Functional conflict supports the goals of a work group and improves its performance. It involves learning to deal with disagreement in a healthy and balanced way. Healthy disagreements motivate a group to display analytical thinking in identifying various alternatives. Moreover, when conflict is allowed to express openly, it helps to reduce tension among group members. Such harmonious and openly environment allows individuals to generate more creative ideas. Hence, the conflict promotes competition, group cohesiveness and high quality decisions because it enhances the awareness which allows group members to understand one another and show a respect for each member’s opinions.
While conflict is inevitable, functional conflict will be a solution adopted by managers in situation like groupthink. Groupthink occurs in highly cohesive groups when group members feel intense pressure agreeing with each other so that the group can approve of a proposed solution. This leads to consideration of a limited number of solutions and restricts the discussion of any considered solutions. Managers should increase functional conflict in such a situation. Usually there are two techniques for doing this: devil’s advocacy and dialectic method. Group members who adopt devil’s advocacy approach will assign the role of critics and encourage individuals to question and evaluate any ideas within the group. As for group members who adopt the dialectic method, they will facilitate a structured debate of opposing views before making a decision. By hearing pros and cons of all different ideas, the group will have a greater success in making sound decisions.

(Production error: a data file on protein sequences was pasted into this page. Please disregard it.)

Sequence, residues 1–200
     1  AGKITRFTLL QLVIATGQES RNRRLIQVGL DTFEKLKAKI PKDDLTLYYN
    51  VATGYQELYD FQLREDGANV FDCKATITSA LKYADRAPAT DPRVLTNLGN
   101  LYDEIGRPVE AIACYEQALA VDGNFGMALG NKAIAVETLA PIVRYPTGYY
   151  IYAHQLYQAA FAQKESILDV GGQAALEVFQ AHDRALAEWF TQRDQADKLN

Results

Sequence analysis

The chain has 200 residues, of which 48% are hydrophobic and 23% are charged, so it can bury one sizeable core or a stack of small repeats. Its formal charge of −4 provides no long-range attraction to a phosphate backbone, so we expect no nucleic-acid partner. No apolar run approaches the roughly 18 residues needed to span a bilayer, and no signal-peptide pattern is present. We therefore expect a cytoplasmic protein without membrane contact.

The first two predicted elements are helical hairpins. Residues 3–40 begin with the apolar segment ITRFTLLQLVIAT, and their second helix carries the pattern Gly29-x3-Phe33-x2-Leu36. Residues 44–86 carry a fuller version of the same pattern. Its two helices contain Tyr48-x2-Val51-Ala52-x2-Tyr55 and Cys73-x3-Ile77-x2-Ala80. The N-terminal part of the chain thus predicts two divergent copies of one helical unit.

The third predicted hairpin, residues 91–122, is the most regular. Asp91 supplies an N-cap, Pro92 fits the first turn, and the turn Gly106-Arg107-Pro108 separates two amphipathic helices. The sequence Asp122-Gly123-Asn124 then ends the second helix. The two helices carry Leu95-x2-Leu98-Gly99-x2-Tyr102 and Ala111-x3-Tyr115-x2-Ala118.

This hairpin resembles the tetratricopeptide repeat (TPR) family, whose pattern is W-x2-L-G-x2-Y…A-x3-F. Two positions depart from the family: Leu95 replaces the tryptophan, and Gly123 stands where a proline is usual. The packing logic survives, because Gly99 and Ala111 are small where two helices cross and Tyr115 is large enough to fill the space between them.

Dysfunctional conflict on the other hand consists of disputes and disagreements that hinder the work group’s performance. Dysfunctional conflict within a work group is stimulated by egos of group members with competing ambitions. It can be an overabundance of conflict resulting in personalized anger towards specific individuals, or a lack of sufficient motivating conflict which drains energy from the group members involved. Apparently, dysfunctional conflict is devastating to work groups and should be eliminated by managers. When dysfunctional conflicts arise in the work group, it is important for managers to resolve the